Why the Supreme Court needs Ketanji Brown Jackson

Justice equals respect.   

That’s the organizing principle of my legal work and advocacy. It’s the reason so many of us get up every day and fight as hard as we do to hold the powerful accountable and to bring this nation closer to meeting its yet unkept promises. 

The nation is on the cusp of fulfilling one of those promises. President Biden and Vice President Harris have pledged, and appear to be considering, an African American woman for the Supreme Court. 

In my view, that of a civil rights lawyer and advocate who is committed to bringing justice, respect and fairness to this nation, and particularly to my community, that woman is Judge Ketanji Brown Jackson.   

But first some context.   

One hundred fifteen Americans have served on the Supreme Court since 1789. But not a single African American woman.   

It’s time. Long past time. The process of publicly reviewing potential candidates has revealed what many of us have known for some time, and now all of America can see: The talent is extraordinary. We do not have a supply problem of experienced, brilliant Black women who are ready to be stewards of our Constitution, we have a demand problem. 

Black women attorneys manage firms, sit as judges at every level of government, run agencies, Fortune 100 corporations and keep us safe from war. They have constructed the strategies to ensure our civil rights, provide equal protection and combat crime.   

There should be, and someday will be, no limit on the number of African American women sitting on this important court, at once, as has been the status quo for white men for centuries.   

But for today’s pick, that African American woman, that attorney and judge and mother, and daughter should be Judge Ketanji Brown Jackson. 

Her biography is credentialed and stellar. She is perhaps the most experienced judge to be considered in recent memory, in that she has been a District Court and Circuit Court judge for nine years. There will be no learning curve for Jackson; she knows the law, has adjudicated it well and is battle-tested. Jackson has the educational credentials and commitment which put her in an elite with which the court is familiar, having the same credentials as most of the modern justices, if not more. 

My standards for this nominee go beyond integrity, brilliance and fairness. I carry the additional purchase that this justice must represent African Americans in a way that has cultural competency, forcefulness and instills deep pride. Justice Sotomayor clearly inspires and provides vision to America’s Hispanic community. Justices O’Connor and Ginsburg are heroes for women across the ideological spectrum. We African Americans eagerly await and demand that model: a talented African American woman who not only acts justly and upholds our Constitution but is rooted in an experience that so many of us share.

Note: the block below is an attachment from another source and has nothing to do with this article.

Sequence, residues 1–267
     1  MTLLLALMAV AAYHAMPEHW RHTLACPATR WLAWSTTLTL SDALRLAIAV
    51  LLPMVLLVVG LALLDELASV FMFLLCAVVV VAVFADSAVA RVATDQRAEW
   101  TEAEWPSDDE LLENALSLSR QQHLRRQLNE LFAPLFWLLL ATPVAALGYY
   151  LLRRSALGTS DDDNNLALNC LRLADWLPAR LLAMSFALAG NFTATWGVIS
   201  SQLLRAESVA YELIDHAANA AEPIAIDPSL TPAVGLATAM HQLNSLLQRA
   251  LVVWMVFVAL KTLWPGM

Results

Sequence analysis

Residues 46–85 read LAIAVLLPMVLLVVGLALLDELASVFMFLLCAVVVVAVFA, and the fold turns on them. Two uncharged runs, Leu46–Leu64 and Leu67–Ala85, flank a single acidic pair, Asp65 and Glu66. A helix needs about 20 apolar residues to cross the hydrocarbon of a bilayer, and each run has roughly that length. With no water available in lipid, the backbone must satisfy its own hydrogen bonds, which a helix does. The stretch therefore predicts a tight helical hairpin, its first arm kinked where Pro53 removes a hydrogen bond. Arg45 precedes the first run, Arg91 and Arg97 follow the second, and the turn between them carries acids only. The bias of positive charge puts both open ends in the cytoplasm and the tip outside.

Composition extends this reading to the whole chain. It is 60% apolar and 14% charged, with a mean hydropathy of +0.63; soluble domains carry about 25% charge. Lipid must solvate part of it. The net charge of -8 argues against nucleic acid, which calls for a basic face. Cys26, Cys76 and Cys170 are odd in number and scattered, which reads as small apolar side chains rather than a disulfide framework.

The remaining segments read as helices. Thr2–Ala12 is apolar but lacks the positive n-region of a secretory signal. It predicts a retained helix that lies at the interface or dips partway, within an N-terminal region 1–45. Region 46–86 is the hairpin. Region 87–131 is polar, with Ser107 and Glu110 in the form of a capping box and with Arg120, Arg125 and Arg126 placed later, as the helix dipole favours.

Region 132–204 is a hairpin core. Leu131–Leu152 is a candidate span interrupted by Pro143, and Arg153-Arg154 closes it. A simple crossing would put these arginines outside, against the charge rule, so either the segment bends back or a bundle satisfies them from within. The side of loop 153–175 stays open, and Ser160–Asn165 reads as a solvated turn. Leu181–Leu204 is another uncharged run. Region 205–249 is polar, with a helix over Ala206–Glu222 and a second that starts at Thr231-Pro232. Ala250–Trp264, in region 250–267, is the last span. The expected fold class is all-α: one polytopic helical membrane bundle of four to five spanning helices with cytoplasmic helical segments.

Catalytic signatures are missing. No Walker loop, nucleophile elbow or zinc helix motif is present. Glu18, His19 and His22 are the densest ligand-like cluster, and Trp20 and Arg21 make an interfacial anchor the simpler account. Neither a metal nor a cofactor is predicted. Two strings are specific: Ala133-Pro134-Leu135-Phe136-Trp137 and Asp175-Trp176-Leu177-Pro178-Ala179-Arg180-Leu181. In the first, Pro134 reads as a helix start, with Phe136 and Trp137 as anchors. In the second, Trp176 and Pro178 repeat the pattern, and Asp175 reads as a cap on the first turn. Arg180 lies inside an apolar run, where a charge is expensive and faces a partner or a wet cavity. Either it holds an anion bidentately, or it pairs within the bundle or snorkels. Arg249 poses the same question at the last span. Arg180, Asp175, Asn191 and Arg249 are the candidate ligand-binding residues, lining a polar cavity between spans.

That person is Judge Ketanji Brown Jackson. Being from Florida, I’ve known of and admired her personal story for a decade. Both of her parents are graduates of Historically Black Colleges and Universities — North Carolina Central and Tuskegee. One of her uncles is a city of Miami police chief, another uncle was incarcerated for years and her aunt was a dedicated missionary who made several trips to Africa. In fact, it is that aunt, Carolynn Tucker, who on a Peace Corp assignment in Liberia, offered the name “Ketanji Onyika” to her parents, which she was told means “lovely one.” 

Jackson has always been an achiever, from national debate championships in high school to elite campuses to prestigious jobs, serving as a public defender and clerking for the Supreme Court itself for Justice Breyer, whom I’m hoping she replaces. But through it all, she’s been an advocate for and proud of the African American community. She was active in the Black Students Association in college, in the Black Law Students organization in law school, and she has represented Black people throughout her career, from mentoring, hiring Black clerks as a judge and forcefully speaking out in favor of saner criminal sentencing policies in her role on the United States Sentencing Commission. 

And I know Jackson directly from our teaching and mentoring together serving as mentors for the next generation of lawyers. We have twice taught a seminar at Harvard’s Trial Advocacy Workshop. An intensive week where we were paired up to teach students the ins and outs of the courtroom, from our very different professional perspectives. She is radiant, clear, and engaging. She is humble and gracious, pointing out to the students my advocacy on behalf of the least among us, with obvious pride. She invoked my work for the family of Trayvon Martin, underscoring for the students the importance of representation and skilled advocacy. 

We thank Biden and Harris for this important decision, and Rep. Jim Clyburn (D-S.C.) and his late wife Emily for pressing the president to commit to this historic move.    

For the combination of brilliance, integrity, experience and assurance that African Americans will hold this choice as we do the memory of Thurgood Marshall and Constance Baker Motley, I overwhelmingly support the historic choice of Judge Ketanji Brown Jackson.   

Ben Crump is a nationally known civil rights attorney and advocate and is the founder and principal of Ben Crump Law. Crump has represented the families of Trayvon Martin, Ahmaud Arbery, Martin Lee Anderson, and Breonna Taylor. www.bencrump.com.

Tags Benjamin Crump Biden Joe Biden Joe Biden Judges of the United States District Court for the District of Columbia Ketanji Brown Jackson Ketanji Brown Jackson lawyers Sonia Sotomayor Supreme Court of the United States United States Sentencing Commission

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